The Seattle Mariners’ bats finally were silenced Tuesday, but only because the schedule provided a day off for, um, what to call this juggernaut team that’s tearing up the Cactus League? The Peoria Power Co.? The New Bashers of the Purple Sage? Wedgie’s Wallbangers?
Aside from an offense that’s connected for 24 homers in 11 games, the best news of the Mariners’ camp has been how smooth things seem to be going. No worrisome injuries. No agents grousing on behalf of their clients. No rumblings of front-office discord.
The Texas Rangers and the Los Angeles Angels of Anaheim — the American League West’s big spenders and, by extension, presumptive challengers to wrest the division crown from the Oakland A’s — haven’t been so fortunate.
Take the Angels, who lured free agent outfielder Josh Hamilton from Texas over the winter with a five-year contract worth $125 million. Because the team’s third-place finish in 2012 could be blamed on a pitching staff that mostly underwhelmed, the deal for Hamilton appeared to be more a public relations coup than a move to address a glaring need.
“Look at us,” was owner Arte Moreno’s message to the rest of Major League Baseball. “A year after we picked up Albert Pujols, we’re still swimming in money!”
Except whatever PR points were scored with the acquisition of Hamilton were surrendered the other day when the Angels pitched a low-ball contract to Mike Trout. The outfielder, fresh off a rookie-of-the-year season
that vaulted him into a Most Valuable Player candidate — he finished second to Detroit third baseman Miguel Cabrera, baseball’s first Triple Crown winner since 1967 — received the equivalent of a gift-certificate bonus for his sensational work.
The Angels didn’t have to pay Trout more than MLB’s minimum salary of $490,000. They decided to pay him $20,000 more, and if Trout, who can’t file for free agency until the end of the 2017 season, wasn’t thrilled with the raise, well, he can always occupy himself in another line of work for the next five years.
Nobody should be grieving over a 21-year-old earning $510,000 to play a game he obviously loves. Besides, if Trout stays healthy and avoids any scandal less sensational than participation in a strong-armed robbery, he figures to command a free-agent contract in the gazillions at the age of 26.
But if the Angels are swimming in money, why go cheap with a kid already established as a superstar? Why plant a seed of discontent in the back of Trout’s mind?
The seed has been planted, by the way. Although Trout didn’t complain about the skimpy raise he got, the reaction of his agent, Craig Landis, suggested the Mike Trout Era in Anaheim could be bumpier than necessary.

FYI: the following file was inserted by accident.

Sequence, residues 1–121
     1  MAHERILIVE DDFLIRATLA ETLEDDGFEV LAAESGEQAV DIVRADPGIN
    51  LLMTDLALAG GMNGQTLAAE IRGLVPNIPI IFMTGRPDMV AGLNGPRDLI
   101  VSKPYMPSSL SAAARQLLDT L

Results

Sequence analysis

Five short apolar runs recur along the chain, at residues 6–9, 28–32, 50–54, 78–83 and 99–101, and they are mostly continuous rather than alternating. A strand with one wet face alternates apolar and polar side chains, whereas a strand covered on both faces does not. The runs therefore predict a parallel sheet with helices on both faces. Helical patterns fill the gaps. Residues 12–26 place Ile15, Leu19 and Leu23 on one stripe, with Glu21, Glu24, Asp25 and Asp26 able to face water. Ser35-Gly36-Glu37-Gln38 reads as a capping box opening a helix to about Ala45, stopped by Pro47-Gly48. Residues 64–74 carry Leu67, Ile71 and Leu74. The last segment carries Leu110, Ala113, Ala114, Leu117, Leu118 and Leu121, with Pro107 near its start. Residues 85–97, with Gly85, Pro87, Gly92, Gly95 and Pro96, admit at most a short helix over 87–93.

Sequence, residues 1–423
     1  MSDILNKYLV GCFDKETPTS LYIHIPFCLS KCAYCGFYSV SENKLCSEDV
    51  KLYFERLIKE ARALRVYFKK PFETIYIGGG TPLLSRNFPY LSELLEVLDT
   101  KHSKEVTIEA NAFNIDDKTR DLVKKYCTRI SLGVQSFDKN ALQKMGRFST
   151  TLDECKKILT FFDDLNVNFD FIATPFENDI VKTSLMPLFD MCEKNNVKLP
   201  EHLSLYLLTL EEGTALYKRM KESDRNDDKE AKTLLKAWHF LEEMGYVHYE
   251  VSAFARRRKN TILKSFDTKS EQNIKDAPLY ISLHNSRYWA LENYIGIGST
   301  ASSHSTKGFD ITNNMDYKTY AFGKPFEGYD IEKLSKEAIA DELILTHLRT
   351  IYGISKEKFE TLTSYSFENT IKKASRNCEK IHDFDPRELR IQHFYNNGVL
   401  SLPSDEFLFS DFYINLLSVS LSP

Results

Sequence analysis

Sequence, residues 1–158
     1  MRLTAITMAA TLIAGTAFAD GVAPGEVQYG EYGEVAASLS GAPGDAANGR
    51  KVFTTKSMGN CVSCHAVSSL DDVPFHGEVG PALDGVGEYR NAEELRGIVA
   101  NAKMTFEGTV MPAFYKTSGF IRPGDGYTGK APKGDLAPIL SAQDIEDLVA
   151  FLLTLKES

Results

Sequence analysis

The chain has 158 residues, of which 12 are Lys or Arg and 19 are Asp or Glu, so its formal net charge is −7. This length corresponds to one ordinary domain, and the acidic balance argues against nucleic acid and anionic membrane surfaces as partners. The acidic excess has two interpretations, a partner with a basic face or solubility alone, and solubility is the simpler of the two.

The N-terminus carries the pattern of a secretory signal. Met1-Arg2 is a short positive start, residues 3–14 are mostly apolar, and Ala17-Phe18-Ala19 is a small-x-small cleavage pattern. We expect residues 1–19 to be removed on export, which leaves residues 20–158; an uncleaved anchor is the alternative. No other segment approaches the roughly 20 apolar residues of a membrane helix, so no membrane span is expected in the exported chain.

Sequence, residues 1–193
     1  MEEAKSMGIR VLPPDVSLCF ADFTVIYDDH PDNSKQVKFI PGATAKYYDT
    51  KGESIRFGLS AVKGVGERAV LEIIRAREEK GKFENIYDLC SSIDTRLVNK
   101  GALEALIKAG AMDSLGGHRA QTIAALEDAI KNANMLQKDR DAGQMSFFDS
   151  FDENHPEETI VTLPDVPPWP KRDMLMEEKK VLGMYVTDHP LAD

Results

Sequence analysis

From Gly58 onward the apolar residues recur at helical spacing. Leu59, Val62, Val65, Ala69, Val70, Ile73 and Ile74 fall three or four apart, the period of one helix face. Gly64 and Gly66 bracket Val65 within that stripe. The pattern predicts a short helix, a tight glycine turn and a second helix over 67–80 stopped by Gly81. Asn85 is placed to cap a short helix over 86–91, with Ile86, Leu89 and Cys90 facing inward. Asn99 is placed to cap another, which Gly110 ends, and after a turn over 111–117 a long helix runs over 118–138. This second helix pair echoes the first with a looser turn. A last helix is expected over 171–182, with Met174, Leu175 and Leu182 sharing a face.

“During the process, on behalf of Mike, I asked that the Angels compensate Mike for his historic 2012 season, given his service time,” Landis said last week. “In my opinion, this contract falls well short of a fair contract.”
Angels general manager Jerry DiPoto explained the team’s motives in a tone so dispassionate it was close to creepy.
Said DiPoto: “What we’re doing contractually with Mike is within the parameters of the agreement collectively bargained between players and the league.”
Sounds like a boss who inspires his employees to go the extra mile, huh?
Meanwhile, in Texas, a boss whose sheer presence inspires employees might be looking to bolt. Hall of Fame pitcher Nolan Ryan, the Rangers’ CEO and driving force behind the team’s back-to-back American League championships in 2010 and 2011, has reason to wonder if he’s still wanted.
The Rangers on Friday gave GM Jon Daniels the additional title of president of baseball operations while appointing Rick George president of business operations. All of which leaves Ryan in charge of what?
According to Fort Worth Star-Tribune columnist Randy Galloway, Ryan’s association with the Rangers won’t make it through the spring. Galloway cited only anonymous sources, but if Galloway insists he’s got sources, trust him: The guy was cultivating sources in Dallas years before the Rangers arrived, and they arrived in 1972.
The instability within the Rangers’ front office could explain all that went wrong during the winter, when they traded Michael Young to Philadelphia for two minor leaguers. Young is 36 and long past his prime, but think of him as Texas’ version of Edgar Martinez: Not only is he a seven-time All-Star atop the team’s leader board in nine career hitting categories, but also Young was “the heart and soul of the Rangers,” as former Texas pitcher (and current Phillies teammate) Cliff Lee called him.
The Rangers whiffed on their attempts to sign free agent pitcher Zack Greinke, and to work out a trade for Arizona outfielder Justin Upton, and to keep Hamilton. Gone, too, is catcher Mike Napoli, who signed as a free agent with Boston.
Sustaining the crummy karma, Martin Perez, competing for the No. 5 spot in the starting rotation, suffered a broken left forearm on a liner off the bat of the Mariners’ Brad Miller on Sunday. Perez will be out two months.
And then there’s shortstop Elvis Andrus. He spent a day off this past Wednesday in a tattoo parlor where an elaborate design was imprinted from his shoulder to his elbow. Andrus had to be scratched from the lineup for the Thursday game as he was ailing with “tattoo soreness.”
The Mariners, I should point out, are not averse to the idea of tattoos. But their tattooing during this excellent adventure of a spring has been different, and quite remarkable for a team whose power struggles convinced management to make Safeco Field’s fences more forgiving.
They’re tattooing baseballs.